What can banking industry regulators do about payday lending and other predatory products of so the called alternative financial service providers? In most States, not much, unfortunately. National regulators such as the Office of Controller of the Currency (OCC), the Federal Reserve and the Federal Deposit Insurance Corporation (FDIC) have no remit to regulate these non-bank purveyors of dubious financial services. The new Consumer Financial Protection Bureau which was established as part of the recent Dodd-Frank financial reform bill, can only act to control the payday lending industry with the approval of individual state regulatory entities.
With the economy continuing to linger in the doldrums of a jobless recovery, a majority of Americans appear unable to meet a $1,000 emergency expense. According to a recent report by the National Foundation for Credit Counseling only 36% of American households have the funds available to meeting an expense of this modest magnitude. No wonder the business of the payday lenders is booming and some commercial banks are beginning to offer their own payday-style products.
So-called “direct-deposit advance” loans are increasingly being used by low-income consumers with bank accounts linked to some form of direct deposit like a paycheck or social security benefit. Much like the payday loan, they are for a short duration and come with effective triple digit interest rates. Although they are less expensive than the typical payday loan, consumer advocates argue that they still lead to crippling dependency on debt. In fact, the Center for Responsible Lending urges regulators to immediately stop the banks they supervise from making such loans.
But would this really be helpful? After all, low income consumers do need the money and the bank product is arguably better than that offered by the alternative financial service providers. Would not such regulatory action simply drive these borrowers in greater number to the more predatory lenders. Instead of prohibiting banks from offering short-term, payday-style credit, why not require them to offer a product that meets the consumers’ needs and helps them to manage their debt needs responsibly?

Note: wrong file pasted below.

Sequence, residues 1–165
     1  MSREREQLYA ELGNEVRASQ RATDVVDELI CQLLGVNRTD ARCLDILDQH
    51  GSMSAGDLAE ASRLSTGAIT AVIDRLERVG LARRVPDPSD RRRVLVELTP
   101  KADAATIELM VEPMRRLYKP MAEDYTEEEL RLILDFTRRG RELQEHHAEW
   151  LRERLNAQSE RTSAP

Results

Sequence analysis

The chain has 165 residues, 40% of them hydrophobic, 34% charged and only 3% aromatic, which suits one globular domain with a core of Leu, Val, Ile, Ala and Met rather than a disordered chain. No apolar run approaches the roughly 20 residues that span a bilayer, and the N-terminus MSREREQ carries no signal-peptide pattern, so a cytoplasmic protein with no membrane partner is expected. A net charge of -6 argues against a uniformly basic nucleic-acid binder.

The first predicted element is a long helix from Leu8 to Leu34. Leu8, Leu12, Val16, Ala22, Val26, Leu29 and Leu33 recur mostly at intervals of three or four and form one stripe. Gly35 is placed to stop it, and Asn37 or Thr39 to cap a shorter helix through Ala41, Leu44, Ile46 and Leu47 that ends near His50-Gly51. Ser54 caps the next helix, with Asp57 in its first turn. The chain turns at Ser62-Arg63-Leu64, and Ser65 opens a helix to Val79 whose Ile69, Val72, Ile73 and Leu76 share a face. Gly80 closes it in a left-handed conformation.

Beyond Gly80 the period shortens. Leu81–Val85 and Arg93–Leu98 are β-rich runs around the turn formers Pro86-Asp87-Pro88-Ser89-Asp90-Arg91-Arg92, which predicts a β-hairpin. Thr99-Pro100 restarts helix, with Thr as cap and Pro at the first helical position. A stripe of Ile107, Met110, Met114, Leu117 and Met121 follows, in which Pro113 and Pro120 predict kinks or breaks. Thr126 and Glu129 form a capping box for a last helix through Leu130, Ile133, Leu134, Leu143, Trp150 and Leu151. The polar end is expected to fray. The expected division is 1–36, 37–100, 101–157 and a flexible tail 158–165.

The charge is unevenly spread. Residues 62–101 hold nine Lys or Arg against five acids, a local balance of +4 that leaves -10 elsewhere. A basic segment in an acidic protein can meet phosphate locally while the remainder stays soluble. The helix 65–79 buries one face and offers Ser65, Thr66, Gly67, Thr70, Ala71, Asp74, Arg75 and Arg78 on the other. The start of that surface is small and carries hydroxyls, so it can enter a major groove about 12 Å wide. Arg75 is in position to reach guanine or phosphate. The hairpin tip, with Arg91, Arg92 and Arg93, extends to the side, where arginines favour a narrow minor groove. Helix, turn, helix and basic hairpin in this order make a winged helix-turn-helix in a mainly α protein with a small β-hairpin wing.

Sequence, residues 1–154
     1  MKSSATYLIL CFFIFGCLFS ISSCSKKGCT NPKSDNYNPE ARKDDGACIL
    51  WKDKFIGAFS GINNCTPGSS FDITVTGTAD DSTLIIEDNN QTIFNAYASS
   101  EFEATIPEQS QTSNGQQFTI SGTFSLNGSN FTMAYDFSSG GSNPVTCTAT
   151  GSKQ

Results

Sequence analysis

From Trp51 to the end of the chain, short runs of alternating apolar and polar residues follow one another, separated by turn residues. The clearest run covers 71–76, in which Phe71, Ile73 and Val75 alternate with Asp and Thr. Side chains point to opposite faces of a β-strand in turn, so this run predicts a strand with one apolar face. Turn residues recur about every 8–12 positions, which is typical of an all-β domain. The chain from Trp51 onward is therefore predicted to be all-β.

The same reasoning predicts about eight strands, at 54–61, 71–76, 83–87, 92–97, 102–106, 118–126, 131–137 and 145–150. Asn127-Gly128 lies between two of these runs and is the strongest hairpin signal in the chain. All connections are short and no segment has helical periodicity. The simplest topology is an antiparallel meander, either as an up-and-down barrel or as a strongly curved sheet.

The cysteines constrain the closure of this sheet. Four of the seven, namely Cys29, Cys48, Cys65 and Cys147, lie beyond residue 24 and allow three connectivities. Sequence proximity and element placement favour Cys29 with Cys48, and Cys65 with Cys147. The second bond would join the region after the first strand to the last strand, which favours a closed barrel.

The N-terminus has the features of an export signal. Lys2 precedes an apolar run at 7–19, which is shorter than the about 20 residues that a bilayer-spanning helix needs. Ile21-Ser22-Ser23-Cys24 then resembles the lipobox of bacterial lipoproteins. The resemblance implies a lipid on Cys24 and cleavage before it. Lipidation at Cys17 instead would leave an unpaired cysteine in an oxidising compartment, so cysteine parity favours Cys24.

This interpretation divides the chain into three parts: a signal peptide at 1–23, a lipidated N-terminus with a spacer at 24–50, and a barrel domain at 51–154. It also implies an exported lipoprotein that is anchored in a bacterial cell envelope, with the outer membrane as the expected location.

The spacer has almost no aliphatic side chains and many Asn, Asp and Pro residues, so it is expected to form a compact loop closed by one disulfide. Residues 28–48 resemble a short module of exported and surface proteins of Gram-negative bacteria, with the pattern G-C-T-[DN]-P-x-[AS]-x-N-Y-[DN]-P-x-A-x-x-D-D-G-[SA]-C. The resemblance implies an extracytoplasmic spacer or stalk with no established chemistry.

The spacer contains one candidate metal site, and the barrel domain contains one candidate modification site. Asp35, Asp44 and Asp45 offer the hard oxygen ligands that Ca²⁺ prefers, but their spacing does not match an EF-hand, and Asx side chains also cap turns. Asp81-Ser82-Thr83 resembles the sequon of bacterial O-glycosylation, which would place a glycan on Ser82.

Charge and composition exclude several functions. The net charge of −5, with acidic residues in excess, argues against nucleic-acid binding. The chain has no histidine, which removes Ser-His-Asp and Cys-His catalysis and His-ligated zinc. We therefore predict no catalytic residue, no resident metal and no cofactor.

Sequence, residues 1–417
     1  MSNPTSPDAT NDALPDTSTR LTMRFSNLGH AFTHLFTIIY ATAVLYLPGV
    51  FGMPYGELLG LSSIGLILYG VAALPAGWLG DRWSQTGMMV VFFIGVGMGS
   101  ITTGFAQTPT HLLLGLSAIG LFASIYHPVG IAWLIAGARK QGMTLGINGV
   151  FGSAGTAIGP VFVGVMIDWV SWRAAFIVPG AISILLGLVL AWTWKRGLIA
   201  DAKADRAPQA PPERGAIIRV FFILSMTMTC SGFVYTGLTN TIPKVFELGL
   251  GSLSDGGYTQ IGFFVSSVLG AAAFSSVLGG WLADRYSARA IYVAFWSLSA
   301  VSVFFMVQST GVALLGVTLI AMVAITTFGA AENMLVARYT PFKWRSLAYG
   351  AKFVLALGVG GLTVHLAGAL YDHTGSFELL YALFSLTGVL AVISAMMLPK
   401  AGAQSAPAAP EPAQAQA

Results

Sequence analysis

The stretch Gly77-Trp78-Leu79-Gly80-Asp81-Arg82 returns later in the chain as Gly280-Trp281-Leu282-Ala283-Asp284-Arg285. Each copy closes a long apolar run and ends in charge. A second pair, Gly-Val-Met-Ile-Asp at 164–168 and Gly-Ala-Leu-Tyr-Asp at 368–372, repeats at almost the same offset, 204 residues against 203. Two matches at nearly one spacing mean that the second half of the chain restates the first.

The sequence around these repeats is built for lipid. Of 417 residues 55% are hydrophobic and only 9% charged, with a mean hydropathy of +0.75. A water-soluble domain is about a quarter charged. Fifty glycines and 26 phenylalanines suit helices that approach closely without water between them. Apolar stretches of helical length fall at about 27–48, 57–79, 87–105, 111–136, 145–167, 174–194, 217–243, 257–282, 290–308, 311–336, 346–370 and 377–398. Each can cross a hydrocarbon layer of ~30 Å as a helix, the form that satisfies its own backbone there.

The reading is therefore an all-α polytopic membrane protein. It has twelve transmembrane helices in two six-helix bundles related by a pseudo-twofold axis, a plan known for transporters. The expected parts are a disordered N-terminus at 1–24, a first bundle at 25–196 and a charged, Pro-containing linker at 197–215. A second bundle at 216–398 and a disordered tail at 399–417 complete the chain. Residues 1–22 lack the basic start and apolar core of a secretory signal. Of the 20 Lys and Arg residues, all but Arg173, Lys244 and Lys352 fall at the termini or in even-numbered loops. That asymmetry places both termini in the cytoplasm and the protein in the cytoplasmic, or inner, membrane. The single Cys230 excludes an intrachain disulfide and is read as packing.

Market purists would argue that banks should take such action on their own and this would be one more example of over intrusive government regulation. But the opportunity for short-term gain often trumps sound long-term corporate strategy. The subprime lending crisis that largely precipitated and certainly exacerbated the current economic crisis is ample evidence of this. And who would argue that stringent, government mandated warnings on the dangers smoking hasn’t induced large segments of the population to give up very harmful behavior?
In fact, regulators already have a tool, the Community Reinvestment Act, sufficient to encourage and reward banks for lending more responsibly to low income communities. As I reported in my previous blog post, Emerge Workplace Solutions, a for-profit social venture works with employers and mainstream financial institutions to provide financial wellness coaching and credit products that help workers re-build rather than destroy their credit. And now Citibank is pioneering with the Center for Community Self-Help in developing a “Micro Branch” model to compete with payday lenders in low-income communities.
Until we can outlaw the underlying need in low income communities for short-term credit it makes no sense to prohibit mainstream banks from providing it. However, we can and must ensure that this need is met in a way that alleviates rather than causes greater poverty.